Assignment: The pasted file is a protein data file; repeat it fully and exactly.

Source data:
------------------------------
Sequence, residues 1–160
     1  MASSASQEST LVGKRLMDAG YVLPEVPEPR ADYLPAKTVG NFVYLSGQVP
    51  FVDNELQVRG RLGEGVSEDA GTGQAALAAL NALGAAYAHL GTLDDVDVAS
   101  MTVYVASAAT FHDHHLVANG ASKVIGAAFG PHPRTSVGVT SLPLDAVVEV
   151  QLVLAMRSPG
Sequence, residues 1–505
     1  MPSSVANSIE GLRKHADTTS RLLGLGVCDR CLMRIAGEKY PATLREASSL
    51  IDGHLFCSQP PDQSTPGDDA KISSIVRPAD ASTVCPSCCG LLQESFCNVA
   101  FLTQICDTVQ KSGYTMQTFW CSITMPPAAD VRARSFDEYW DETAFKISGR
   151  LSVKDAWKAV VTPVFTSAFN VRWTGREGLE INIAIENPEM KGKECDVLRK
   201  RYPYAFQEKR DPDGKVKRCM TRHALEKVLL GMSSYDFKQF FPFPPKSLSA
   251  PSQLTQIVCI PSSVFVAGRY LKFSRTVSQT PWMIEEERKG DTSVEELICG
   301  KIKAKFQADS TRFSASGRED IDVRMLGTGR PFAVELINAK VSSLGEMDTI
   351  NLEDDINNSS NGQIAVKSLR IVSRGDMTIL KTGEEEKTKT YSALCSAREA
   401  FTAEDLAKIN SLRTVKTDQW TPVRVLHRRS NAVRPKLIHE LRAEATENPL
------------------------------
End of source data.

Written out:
Sequence, residues 1–160
     1  MASSASQEST LVGKRLMDAG YVLPEVPEPR ADYLPAKTVG NFVYLSGQVP
    51  FVDNELQVRG RLGEGVSEDA GTGQAALAAL NALGAAYAHL GTLDDVDVAS
   101  MTVYVASAAT FHDHHLVANG ASKVIGAAFG PHPRTSVGVT SLPLDAVVEV
   151  QLVLAMRSPG
Sequence, residues 1–505
     1  MPSSVANSIE GLRKHADTTS RLLGLGVCDR CLMRIAGEKY PATLREASSL
    51  IDGHLFCSQP PDQSTPGDDA KISSIVRPAD ASTVCPSCCG LLQESFCNVA
   101  FLTQICDTVQ KSGYTMQTFW CSITMPPAAD VRARSFDEYW DETAFKISGR
   151  LSVKDAWKAV VTPVFTSAFN VRWTGREGLE INIAIENPEM KGKECDVLRK
   201  RYPYAFQEKR DPDGKVKRCM TRHALEKVLL GMSSYDFKQF FPFPPKSLSA
   251  PSQLTQIVCI PSSVFVAGRY LKFSRTVSQT PWMIEEERKG DTSVEELICG
   301  KIKAKFQADS TRFSASGRED IDVRMLGTGR PFAVELINAK VSSLGEMDTI
   351  NLEDDINNSS NGQIAVKSLR IVSRGDMTIL KTGEEEKTKT YSALCSAREA
   401  FTAEDLAKIN SLRTVKTDQW TPVRVLHRRS NAVRPKLIHE LRAEATENPL